From the State House
As a result of the tragedy, I introduced legislation in the House to create a task force on behavioral health and firearms safety. This joint House and Senate task force that I co-chair along with my colleague, Sen. Catherine Cool Rumsey, has been meeting regularly during the General Assembly’s off-session.
This 20-person task force is inclusive, consisting of members from the police, attorney general’s office, the mental health advocate, and substance-abuse agencies, as well as three gun owners from the Federated Rhode Island Sportsmen’s Club. Our collective charge is to review current mental-health laws and recommend a comprehensive approach to behavioral health and gun safety.
There’s a delicate balance between gun ownership, public safety and mental health. Currently, Rhode Island does report both local and national criminal backgrounds to the federal National Instant Criminal Background Check System. Rhode Island is one of 10 states, Massachusetts is another, that does not submit mental-health information to the federal NICS.
The focus of the task force, as defined by Rhode Island law, is to review different states’ approaches of compliance to NICS; propose recommendations and policy on how Rhode Island would comply; and make recommendations for a Relief for Disqualifiers Board so if someone is denied access they have legal recourse.
So, why does Rhode Island not provide mental-health information? What are other states’ best practices? How do we balance public safety with individual rights with respect to those with a mental disability? According to public testimony from the state Behavioral Healthcare Department, Rhode Island has a solid mentalhealth law that goes beyond the federal Health Information Public Privacy Act. Current mental law, drafted in 1975, prohibits disclosure of mental-health records unless a person or guardian relinquishes the right. Also, no person admitted or certified to any facility shall be deprived of any constitutional or civil rights.
Let’s be clear: a mental health diagnosis is not a predictor of violence. There are people with a mental disability who are not dangerous, just as there are people without a mental disability who are very dangerous.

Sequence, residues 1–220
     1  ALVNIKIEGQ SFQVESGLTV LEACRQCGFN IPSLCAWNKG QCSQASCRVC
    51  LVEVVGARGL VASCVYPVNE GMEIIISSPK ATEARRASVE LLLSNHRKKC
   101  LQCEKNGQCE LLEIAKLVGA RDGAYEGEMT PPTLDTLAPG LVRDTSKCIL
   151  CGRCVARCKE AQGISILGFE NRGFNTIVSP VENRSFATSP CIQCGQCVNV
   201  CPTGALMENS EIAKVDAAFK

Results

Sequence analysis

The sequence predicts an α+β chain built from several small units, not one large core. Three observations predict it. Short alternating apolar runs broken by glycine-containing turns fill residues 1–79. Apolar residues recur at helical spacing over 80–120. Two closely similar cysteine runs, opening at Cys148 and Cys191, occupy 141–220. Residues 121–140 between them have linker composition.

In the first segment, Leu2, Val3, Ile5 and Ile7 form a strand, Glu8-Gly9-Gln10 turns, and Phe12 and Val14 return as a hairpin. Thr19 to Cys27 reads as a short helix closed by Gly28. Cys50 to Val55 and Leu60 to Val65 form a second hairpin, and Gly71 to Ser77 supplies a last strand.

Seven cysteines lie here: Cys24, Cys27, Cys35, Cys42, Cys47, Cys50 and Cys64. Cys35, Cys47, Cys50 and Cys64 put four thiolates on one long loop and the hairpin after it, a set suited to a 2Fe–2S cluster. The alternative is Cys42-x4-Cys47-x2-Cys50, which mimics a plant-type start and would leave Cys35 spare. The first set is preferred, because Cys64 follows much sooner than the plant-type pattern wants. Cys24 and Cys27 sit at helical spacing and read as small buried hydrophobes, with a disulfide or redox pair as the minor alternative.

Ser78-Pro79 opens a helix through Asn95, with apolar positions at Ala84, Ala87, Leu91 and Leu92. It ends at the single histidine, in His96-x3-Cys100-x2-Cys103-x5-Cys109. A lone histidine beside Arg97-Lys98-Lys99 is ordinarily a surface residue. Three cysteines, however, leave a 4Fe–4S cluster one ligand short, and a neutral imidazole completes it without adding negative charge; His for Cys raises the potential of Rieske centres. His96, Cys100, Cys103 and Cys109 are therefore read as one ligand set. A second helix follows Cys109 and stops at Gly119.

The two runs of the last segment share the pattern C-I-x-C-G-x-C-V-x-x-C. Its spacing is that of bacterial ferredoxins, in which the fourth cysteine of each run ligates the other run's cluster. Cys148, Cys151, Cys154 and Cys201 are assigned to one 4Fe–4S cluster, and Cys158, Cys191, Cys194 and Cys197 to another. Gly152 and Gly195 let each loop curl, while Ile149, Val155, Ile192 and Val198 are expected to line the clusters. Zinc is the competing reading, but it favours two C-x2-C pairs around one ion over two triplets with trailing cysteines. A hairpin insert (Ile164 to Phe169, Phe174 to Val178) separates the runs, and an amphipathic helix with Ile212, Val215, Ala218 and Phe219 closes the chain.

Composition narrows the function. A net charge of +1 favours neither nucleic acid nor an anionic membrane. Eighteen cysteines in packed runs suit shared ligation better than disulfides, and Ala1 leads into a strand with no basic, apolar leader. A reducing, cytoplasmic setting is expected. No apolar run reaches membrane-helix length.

We don’t want any “unintended consequences” of discouraging someone from seeking mentalhealth treatment for fear of having to relinquish their right to gun ownership. That could be a veteran returning from war with post-traumatic stress syndrome, or a first responder like a police officer who suffers mental trauma from having witnessed a horrific scene. At least one, if not more, police officers who responded to Sandy Hook Elementary are on mental disability and seeking treatment after seeing 5- and 6-year-old children murdered in their classrooms.
It’s more than tightening gun control – it’s augmenting programs to help the mentally ill. Rhode Island is a leader in gun laws, ranked eighth in the nation, even requiring background checks at gun shows.
Whether you’re in the NRA or PTA, no one wants innocent people killed. Since 2007, we’ve seen more than 26 mass shootings in this country. Tragedies like these shootings raise public consciousness. We need to look at the person, and not the gun, as we work to prevent these horrible tragedies from ever happening again.
State Rep. Deborah Ruggiero serves District 74 of Jamestown and Middletown in the R.I. House of Representatives. She is co-chairwoman of the joint Behavioral Health and Firearms Safety Task Force. Ruggiero can be reached at 423-0444 or email@example.com